Explanations Regarding the Sale of Printed Paintings

Published on November 3, 2014

From H.H. Dorje Chang Buddha III Cultural and Art Museum

To members of the Cultural and Art Museum,

 

On October 29, 2014, the Office of H.H. Dorje Chang Buddha III published “An Open Letter from the Office of H.H. Dorje Chang Buddha III to Companies Selling Duplications of Paintings Created by H.H. Dorje Chang Buddha III.” The letter stated that the printed duplications of paintings created by H.H. Dorje Chang Buddha III sold at the Museum’s gift shop were priced too high and we should seriously consider this matter. The letter also asked us to give an explanation.

In response to that, we provide the following explanations regarding the printed duplications of paintings sold at the Museum:

  1. The printed duplications of paintings sold at the Museum are printed one copy at a time and are of the highest quality. The cost of production is very high. Such printed copies are in a totally different grade and class comparing to the copies printed by plate printing in large quantities. If we were to use the method of plate printing, the cost of making plates would be extremely high for large and medium-large sizes. Each painting requires a plate. So 100-200 plates are needed for the 100-200 paintings to be duplicated. Also, the print shop would ask for printing several hundred copies in one order with each plate. The most important consideration is that the quality of such printing is not good. The problem of dropping colors would occur a few years later to cause the printed copy to lose the picture. Such duplicated copies do not have values for collection. Additionally, our Museum currently has neither the required volume of sale nor the initial capital to justify investing in making the plates. That is why we can only use the method of single-copy production. Only a few copies can be made in one day. For a large oil painting, it can take several days to make one copy because of the need to add three-dimensional brush touches on the picture. To ensure the product’s quality to have elegant and realistic coloring and for long-term preservation, our Museum uses the permanent mineral colors and selects paper of the best quality. Therefore, the duplicated paintings sold at the Museum definitely have values for collection.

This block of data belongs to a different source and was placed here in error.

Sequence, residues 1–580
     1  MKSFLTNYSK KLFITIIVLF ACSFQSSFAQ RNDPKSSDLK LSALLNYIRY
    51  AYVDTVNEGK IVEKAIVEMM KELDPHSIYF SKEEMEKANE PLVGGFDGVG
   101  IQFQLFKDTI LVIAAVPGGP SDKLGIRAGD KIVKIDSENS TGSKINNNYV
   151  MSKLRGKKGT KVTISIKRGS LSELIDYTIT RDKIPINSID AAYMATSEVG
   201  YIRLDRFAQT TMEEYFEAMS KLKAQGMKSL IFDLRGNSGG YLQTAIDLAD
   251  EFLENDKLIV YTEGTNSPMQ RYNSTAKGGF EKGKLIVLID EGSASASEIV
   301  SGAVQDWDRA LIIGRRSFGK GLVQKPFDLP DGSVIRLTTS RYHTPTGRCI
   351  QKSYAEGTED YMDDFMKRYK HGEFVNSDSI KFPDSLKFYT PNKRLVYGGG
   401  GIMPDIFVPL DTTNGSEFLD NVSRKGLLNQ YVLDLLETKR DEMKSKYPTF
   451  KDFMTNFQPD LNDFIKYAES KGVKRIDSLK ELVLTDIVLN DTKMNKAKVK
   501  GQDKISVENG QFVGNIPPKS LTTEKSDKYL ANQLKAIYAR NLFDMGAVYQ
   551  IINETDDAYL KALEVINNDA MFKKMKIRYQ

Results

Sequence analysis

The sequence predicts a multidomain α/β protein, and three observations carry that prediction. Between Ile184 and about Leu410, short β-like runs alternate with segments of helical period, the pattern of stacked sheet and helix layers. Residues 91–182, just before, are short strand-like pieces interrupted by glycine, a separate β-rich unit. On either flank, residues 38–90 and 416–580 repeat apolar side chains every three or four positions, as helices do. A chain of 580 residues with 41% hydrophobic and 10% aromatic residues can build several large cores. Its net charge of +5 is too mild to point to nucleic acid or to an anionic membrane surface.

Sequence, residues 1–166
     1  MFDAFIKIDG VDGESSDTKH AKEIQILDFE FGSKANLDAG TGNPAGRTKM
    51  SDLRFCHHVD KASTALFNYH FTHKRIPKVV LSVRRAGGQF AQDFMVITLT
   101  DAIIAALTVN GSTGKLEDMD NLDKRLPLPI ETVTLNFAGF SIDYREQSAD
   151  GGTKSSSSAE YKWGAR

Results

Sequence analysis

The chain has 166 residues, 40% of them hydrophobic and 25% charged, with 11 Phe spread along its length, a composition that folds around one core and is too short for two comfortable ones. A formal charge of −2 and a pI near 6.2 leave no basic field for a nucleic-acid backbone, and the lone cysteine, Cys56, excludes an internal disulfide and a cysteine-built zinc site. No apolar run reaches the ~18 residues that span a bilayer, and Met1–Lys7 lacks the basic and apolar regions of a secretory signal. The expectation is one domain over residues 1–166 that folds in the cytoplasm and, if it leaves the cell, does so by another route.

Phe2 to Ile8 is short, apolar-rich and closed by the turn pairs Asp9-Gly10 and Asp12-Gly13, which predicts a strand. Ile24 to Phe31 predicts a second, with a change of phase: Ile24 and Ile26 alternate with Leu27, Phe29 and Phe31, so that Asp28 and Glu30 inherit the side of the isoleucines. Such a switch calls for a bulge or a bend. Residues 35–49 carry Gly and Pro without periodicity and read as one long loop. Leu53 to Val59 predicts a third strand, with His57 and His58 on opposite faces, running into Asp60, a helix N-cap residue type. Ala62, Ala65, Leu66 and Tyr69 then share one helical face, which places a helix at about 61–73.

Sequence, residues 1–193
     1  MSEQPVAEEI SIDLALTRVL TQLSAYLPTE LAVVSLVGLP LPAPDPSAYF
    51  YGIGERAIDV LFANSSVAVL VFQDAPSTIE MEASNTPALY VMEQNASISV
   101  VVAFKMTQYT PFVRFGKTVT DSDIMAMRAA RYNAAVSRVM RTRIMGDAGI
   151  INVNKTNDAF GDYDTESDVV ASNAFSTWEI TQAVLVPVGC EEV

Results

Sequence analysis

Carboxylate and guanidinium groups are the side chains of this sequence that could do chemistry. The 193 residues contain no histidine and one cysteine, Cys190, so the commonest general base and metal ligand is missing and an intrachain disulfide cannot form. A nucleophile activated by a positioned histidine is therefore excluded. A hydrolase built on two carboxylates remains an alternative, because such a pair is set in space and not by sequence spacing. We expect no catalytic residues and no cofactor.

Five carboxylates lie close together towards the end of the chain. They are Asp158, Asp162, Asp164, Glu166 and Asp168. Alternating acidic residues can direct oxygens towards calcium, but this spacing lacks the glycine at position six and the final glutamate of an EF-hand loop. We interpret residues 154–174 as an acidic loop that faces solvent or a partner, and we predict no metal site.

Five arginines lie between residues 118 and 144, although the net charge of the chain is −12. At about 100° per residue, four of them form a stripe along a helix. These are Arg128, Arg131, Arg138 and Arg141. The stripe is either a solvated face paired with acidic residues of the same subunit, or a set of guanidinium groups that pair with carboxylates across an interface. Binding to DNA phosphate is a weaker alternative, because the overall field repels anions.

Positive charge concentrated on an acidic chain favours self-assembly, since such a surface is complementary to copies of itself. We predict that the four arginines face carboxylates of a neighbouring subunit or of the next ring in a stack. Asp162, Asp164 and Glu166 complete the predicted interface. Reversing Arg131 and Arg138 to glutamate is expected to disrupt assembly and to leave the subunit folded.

2. Some of the printed paintings sold at the Museum use special materials. For example, some are printed on photographic paper of special quality. The cost to print a photo of such sizes at a photo shop specialized in making large photo copies for advertisements is in the range from $1,000-2,000 to $6,000-7,000. Additional, processing has to be done on the surface of the picture. For instance, brush touches must be added for oil paintings.
  3. Also, some printed paintings have to be printed in multiple layers. In the end, a layer of special material has to be applied for the purposes of removing reflection, friction tolerance, and resisting heat and moisture. The process of production is very complicated and the cost is very high.

Our Museum produces printed paintings of the highest class. The materials we use and our process of production are of the highest grade among what museums use. The high-quality printed paintings sold at our Museum require such finest handling and very high cost. Because of the expenses spent on the technology and cost of production for making printed paintings at the Museum, the real profit realized by the Museum is very low. The Museum applies the same quality requirements to the printed paintings provided by external art companies for sale at the Museum’s gift shop.

Now that H.H. Dorje Chang Buddha III and the Office of H.H. Dorje Chang Buddha III expressed opinions on behalf of consumers, our Museum respects His Holiness the Buddha and the Office. We will do the calculation again to determine the costs accurately and adjust the prices downward. Please trust our honesty of treating buyers fairly.

 

H.H. Dorje Chang Buddha III Cultural and Art Museum (Seal)

Long Zhou, Director (Signature)

November 3, 2014